(3) Deposition Costs. The prevailing party may recover the following costs relative to depositions used for any purpose in connection with the case:
(A) The cost of the original deposition plus one copy (where prevailing party was the noticing party;
(B) The cost of a copy of a deposition (where prevailing party was not the noticing party; and
(C) The cost of video-taped depositions.
The prevailing party who noticed the deposition may recover the reasonable expenses incurred for reporter fees, notary fees and the reporter’s/notary’s travel and subsistence expenses. In addition, witness fees, whether or not the witness was subpoenaed are taxable at the same rate as attendance at trial. The reasonable fee for a necessary interpreter to attend a deposition is also taxable on behalf of the prevailing party. Attorney’s fees and expenses incurred in arranging for or taking a deposition are not taxable.
(4) Witness Fees, Mileage and Subsistence. The rate for witness fees, mileage, and subsistence are fixed by statute (28 U.S.C. § 1821). Such fees are taxable even though the witness does not take the stand, provided the witness necessarily attends court. Such fees are taxable even though the witness attends voluntarily upon request and is not under subpoena. The mileage taxation is based on the most direct route. Mileage fees for travel and subsistence are taxable only for the reasonable period during which the witness is within the district. No party shall receive witness fees for testifying on their own behalf except where a party is subpoenaed to attend court by the opposing party. Witness fees for officers of a corporation are taxable if the officers are not defendants and recovery is not sought against the officers individually. Fees for expert witnesses are not taxable in a greater amount than is statutorily allowed for ordinary witnesses. Allowance of fees for a witness on deposition must not depend on whether the deposition is admitted in evidence.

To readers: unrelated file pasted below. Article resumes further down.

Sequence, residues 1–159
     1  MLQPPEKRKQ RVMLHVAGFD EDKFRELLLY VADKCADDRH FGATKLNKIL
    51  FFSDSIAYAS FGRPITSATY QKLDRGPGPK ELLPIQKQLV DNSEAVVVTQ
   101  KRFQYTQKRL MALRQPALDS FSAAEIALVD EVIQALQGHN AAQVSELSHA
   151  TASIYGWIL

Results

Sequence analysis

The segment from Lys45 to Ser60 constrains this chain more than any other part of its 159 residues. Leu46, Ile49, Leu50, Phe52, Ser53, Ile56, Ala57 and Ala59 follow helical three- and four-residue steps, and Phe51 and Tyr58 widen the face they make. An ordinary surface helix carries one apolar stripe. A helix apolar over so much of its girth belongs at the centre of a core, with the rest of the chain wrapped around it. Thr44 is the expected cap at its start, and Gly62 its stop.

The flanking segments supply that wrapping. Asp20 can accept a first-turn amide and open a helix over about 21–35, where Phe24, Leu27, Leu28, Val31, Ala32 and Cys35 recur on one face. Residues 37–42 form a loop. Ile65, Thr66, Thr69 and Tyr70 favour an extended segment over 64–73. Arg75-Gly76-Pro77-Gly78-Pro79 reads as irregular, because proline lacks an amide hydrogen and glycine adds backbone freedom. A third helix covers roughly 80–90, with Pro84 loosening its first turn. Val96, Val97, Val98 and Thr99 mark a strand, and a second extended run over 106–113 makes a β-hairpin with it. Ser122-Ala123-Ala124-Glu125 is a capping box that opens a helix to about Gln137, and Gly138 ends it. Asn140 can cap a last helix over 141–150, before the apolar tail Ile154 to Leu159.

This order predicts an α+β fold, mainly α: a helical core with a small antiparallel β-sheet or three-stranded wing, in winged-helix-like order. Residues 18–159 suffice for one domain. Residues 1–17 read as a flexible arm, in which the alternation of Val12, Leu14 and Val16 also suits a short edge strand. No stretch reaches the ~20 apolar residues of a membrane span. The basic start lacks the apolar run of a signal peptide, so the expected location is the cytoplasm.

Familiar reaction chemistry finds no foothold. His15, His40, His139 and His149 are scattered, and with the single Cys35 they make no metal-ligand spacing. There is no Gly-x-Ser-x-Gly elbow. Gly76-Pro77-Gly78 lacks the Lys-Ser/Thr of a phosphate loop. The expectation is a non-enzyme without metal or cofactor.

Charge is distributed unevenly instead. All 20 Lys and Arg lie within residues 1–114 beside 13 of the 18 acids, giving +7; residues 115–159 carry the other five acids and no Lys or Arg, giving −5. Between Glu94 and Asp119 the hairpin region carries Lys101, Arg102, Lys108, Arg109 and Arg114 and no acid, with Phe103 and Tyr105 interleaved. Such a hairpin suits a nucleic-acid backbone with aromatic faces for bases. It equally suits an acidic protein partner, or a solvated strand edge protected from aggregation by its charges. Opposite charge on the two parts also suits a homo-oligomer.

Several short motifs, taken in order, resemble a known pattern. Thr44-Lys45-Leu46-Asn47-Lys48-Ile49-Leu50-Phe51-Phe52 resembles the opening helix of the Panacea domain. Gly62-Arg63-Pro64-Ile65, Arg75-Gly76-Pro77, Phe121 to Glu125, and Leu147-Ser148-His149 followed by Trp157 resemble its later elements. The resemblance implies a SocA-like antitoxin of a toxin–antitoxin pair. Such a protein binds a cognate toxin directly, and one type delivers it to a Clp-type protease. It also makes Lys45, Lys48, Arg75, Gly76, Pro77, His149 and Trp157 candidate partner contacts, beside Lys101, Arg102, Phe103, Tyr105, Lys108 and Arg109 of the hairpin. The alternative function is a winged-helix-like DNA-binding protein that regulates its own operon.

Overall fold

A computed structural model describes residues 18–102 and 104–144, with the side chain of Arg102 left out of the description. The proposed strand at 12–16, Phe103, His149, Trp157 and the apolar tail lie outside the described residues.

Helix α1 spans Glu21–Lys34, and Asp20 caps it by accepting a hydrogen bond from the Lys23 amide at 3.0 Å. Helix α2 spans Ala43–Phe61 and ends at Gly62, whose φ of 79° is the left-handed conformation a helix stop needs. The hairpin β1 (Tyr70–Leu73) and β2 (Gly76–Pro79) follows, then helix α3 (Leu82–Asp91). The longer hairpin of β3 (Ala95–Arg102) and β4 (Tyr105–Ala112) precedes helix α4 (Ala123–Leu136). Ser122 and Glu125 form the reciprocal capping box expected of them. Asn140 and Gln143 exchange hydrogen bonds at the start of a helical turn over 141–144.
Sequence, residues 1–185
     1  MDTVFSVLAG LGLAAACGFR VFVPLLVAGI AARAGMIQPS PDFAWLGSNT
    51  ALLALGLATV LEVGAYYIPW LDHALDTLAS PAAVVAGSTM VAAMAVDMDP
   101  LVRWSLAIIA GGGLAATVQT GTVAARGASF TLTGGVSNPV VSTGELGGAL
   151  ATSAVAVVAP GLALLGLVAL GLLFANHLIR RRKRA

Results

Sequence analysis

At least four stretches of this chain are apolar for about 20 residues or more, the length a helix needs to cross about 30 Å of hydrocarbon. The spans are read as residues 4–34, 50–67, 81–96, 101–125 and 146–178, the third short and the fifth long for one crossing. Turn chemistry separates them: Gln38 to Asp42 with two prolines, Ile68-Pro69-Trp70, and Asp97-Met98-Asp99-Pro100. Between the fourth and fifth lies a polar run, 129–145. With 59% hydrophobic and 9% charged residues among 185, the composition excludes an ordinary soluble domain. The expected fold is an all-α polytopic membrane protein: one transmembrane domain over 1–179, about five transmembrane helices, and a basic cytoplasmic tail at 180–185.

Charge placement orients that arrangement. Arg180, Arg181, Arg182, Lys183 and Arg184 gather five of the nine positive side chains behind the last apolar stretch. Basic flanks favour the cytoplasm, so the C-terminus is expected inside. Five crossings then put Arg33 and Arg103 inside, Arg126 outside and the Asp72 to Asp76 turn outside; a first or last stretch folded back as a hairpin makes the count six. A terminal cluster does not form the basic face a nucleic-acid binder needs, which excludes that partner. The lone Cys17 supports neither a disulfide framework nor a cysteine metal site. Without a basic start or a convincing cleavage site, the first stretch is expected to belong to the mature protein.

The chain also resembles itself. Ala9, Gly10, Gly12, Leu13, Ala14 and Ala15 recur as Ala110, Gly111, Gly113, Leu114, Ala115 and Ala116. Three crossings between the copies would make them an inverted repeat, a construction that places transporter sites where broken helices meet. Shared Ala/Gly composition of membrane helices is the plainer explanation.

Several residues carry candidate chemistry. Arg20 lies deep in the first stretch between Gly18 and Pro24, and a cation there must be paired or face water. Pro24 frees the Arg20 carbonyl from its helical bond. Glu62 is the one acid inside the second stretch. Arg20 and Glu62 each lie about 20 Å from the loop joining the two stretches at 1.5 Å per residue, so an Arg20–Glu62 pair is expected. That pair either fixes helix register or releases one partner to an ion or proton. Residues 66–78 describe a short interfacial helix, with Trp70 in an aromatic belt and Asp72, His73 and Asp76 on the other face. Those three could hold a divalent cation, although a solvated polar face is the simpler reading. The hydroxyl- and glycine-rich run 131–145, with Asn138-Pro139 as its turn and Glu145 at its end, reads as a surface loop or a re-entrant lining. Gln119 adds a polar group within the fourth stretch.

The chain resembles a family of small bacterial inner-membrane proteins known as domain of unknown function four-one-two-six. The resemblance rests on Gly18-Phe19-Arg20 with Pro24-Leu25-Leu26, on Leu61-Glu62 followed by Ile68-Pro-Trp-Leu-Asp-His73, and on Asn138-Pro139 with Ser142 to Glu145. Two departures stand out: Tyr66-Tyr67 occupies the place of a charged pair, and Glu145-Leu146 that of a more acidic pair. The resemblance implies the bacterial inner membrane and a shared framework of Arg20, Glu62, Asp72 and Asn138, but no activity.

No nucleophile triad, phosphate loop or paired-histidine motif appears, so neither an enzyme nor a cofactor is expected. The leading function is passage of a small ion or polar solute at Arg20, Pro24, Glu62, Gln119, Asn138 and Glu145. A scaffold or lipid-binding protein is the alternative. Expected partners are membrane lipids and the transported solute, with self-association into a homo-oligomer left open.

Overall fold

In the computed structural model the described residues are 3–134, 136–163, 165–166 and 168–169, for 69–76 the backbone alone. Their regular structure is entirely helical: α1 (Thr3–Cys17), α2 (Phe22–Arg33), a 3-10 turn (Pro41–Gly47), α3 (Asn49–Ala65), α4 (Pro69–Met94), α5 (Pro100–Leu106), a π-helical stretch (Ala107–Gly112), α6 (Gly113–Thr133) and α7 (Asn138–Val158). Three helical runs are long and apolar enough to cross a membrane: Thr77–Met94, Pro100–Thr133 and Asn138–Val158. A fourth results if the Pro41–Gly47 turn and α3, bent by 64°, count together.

(5) Copies of Papers and Exhibits. The cost of an exhibit necessarily attached to a document (or made part of a deposition transcript) required to be filed and served is taxable. The cost of reproducing the required number of copies of the clerk’s record on appeal is allowable.